Pippa is an unpaid director of Wycombe Community Radio CIC and just loves it.
What is your role? I am one of the founders of station and so have done a bit of everything particularly in the early days: getting the team together, getting the on-air schedule organised, sorting out what programmes were needed with which presenters and at what time of day. Everything revolved around the audience – “the listener is king”.
Now it is more about the day to day running of the station and moving the station forwards. Later this year it will change again and will be more about the content, the programme and sales to some extent, getting partners on board, developing commercial revenue streams. Less about recruitment of volunteers, which I’ll pass on to colleagues.
How much time do you devote to the role? I spend about 40 hours per week (I get paid for maybe a couple of hours per week as a result of grants here and there). I present the breakfast show each weekday so get in at 6.30 am and stay until 2 pm then get home and to start on emails and administration. The Radio Station is my absolute passion – I love it and cannot switch off from it.
Sometimes I also spend time at the weekend with the outside broadcast team at an event such as the Amersham Festival. Outside broadcasts are not very frequent as they are a very big undertaking. However, they are worthwhile as they bring the event in question to those people who can’t be there, through the airwaves. This is what makes Wycombe Sound different to the “big boys” like the BBC. The focus is very local.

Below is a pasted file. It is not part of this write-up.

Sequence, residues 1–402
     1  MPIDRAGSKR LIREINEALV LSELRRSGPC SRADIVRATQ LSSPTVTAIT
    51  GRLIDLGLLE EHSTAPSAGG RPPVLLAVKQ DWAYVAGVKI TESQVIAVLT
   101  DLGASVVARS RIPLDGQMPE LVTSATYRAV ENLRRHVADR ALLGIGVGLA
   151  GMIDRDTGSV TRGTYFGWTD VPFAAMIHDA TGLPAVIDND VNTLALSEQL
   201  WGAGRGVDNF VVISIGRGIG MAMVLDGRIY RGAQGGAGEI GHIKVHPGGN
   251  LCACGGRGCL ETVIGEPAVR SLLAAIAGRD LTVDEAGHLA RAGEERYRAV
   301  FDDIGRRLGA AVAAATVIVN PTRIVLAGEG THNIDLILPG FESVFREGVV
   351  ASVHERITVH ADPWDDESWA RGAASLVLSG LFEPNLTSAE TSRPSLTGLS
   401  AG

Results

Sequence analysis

What got you into it? I was made redundant from my previous job in the property sector. I took time to think about what I’d done over my career and what I’d enjoyed/not enjoyed. I kept coming back to my first proper job which was with Sony which took me into lots of TV studios and thought I’d like to retrain to do something in TV. While I was looking for training to help me do that, I stumbled upon a radio production course which was free as it was organised by a “women in radio” charity. I did that course and quickly found that I had a knack for it. I went on to get a role at the Asian Star radio station in Slough. After another time-out for non-work reasons, I went from there to Radio Christmas at Amersham, where I met someone from Wycombe Hospital Radio who invited me to meet the team there (including Chris and Keith).